Developing a measurable strategic communication plan is not a simple task in any organisation. Add the complexities of a fast-paced, rapidly growing global company that recently acquired another global business and it can feel like an impossible mission. That’s the landscape I operate in at 2U, Inc., a leading education technology company that partners with great universities and colleges to build the world’s best digital education. While it can be a challenge to create effective employee communications for 2U’s modern workforce, there are some strategies I have adopted that have made internal engagement more effective.
Fortunately, 2U employees are eager to share feedback. Through quantitative (electronic surveys) and qualitative (focus groups) research, we evaluate existing channels, leadership communications, and the resonance of strategic messages on an ongoing basis. Through these tools, we have identified a need to create more conversations between leaders and employees, to reduce the noise and variety of tools, and to build a community to connect an increasingly expanding, both in size and geography, employee base.
When you know what you are trying to accomplish, it is easier to understand where to spend your time and what questions to ask to measure the impact of your communications. We have a unique challenge – to connect a growing workforce in a way that encourages open dialogue and quick decision-making while staying true to our values. And we needed to accomplish this without adding to the noise. Our purpose is to empower leaders to be more connected communicators, while giving voice to all levels of employees throughout all offices.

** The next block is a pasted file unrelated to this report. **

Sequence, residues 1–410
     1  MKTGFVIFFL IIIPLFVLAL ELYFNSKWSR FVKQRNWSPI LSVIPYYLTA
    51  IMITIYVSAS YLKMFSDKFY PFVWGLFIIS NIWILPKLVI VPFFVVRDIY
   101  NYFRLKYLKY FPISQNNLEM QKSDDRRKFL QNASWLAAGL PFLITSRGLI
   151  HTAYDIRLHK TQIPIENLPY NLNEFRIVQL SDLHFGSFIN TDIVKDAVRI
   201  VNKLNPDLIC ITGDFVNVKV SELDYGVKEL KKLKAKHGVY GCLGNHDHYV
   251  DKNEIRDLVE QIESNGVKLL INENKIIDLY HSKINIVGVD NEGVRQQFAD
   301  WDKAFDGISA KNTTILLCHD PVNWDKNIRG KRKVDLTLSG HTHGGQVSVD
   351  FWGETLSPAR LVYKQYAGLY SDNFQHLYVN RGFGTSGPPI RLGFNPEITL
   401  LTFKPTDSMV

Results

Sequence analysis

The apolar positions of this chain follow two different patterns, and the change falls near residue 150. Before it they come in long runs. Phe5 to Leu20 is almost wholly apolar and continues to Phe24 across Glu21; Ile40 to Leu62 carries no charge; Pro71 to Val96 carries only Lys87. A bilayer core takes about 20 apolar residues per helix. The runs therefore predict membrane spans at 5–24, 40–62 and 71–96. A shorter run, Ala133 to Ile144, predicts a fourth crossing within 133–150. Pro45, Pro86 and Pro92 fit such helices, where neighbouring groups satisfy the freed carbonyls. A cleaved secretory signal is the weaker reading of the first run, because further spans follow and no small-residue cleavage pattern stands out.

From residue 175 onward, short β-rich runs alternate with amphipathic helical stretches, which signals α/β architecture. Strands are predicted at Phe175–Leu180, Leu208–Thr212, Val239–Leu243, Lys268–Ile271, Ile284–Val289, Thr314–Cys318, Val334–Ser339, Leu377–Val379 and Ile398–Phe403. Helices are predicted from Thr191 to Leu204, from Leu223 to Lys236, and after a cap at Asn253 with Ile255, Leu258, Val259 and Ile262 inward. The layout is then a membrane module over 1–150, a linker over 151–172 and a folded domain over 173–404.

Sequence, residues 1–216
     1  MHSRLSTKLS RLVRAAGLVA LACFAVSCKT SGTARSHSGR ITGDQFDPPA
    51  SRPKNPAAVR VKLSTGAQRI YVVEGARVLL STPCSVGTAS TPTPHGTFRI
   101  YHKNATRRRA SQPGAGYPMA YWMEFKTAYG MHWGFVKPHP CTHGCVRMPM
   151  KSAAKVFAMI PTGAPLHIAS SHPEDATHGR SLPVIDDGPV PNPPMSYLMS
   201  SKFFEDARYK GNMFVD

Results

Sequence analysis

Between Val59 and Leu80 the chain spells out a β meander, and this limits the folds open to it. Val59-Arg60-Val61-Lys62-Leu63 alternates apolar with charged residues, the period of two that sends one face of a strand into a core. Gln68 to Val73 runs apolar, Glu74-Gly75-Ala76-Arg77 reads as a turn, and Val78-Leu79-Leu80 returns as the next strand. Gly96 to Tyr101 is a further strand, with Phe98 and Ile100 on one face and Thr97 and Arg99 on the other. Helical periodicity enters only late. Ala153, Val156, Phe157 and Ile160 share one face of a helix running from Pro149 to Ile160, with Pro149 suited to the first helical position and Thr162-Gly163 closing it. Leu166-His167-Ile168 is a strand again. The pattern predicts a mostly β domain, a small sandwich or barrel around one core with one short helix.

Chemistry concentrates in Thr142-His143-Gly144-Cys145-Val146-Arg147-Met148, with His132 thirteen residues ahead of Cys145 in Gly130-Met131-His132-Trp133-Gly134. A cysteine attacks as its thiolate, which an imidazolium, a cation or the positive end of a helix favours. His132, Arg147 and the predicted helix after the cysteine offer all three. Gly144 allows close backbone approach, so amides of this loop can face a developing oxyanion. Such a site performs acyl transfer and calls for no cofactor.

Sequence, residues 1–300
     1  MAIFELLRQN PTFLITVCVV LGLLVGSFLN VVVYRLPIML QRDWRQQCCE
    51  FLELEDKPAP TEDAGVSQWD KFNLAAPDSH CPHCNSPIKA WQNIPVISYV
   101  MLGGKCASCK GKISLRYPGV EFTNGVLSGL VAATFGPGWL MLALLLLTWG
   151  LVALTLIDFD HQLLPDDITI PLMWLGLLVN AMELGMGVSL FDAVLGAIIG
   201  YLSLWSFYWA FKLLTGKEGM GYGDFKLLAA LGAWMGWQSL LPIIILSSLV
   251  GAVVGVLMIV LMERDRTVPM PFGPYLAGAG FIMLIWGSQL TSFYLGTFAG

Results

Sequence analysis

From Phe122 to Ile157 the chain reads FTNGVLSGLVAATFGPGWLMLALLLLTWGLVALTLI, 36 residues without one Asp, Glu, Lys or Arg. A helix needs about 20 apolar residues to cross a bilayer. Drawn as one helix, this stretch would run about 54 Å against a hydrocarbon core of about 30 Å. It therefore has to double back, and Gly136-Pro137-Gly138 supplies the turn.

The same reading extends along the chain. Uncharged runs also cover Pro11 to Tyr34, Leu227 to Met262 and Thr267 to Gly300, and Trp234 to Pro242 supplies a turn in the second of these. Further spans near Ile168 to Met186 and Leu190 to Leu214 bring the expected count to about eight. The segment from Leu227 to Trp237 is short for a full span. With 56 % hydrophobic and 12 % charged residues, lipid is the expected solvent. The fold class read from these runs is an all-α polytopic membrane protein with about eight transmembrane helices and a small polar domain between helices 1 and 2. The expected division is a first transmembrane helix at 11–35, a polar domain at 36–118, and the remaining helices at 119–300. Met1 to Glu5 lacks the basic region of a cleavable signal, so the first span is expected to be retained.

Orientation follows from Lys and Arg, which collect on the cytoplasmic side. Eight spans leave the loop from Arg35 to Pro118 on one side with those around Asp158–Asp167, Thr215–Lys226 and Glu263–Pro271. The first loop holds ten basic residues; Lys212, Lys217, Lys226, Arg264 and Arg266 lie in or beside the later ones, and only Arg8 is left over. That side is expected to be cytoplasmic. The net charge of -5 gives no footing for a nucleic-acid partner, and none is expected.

“We have a unique challenge – to connect a growing workforce in a way that encourages open dialogue and quick decision-making while staying true to our values.”
We are fortunate to have a strong foundation with fewer than 5 percent of employees indicating dissatisfaction with overall employee communications. Therefore, our changes represent an evolution, not a transformation.
We are reimagining existing communications and challenging each other to imagine what each vehicle could look like or accomplish if we were to start from a blank page. Broadcast communications (email, digital signage, intranet) are becoming more visual and inclusive of video and social interactions. While digital signage could be one-directional, we add QR codes to encourage engagement and action. Rather than generating content solely within communications or via key clients, materials are crowdsourced from all employees when possible for increased connection to the content. We are also shaping the agenda for quarterly, virtual all-company business meetings based not only on executive priorities, but also the topics most requested by employees.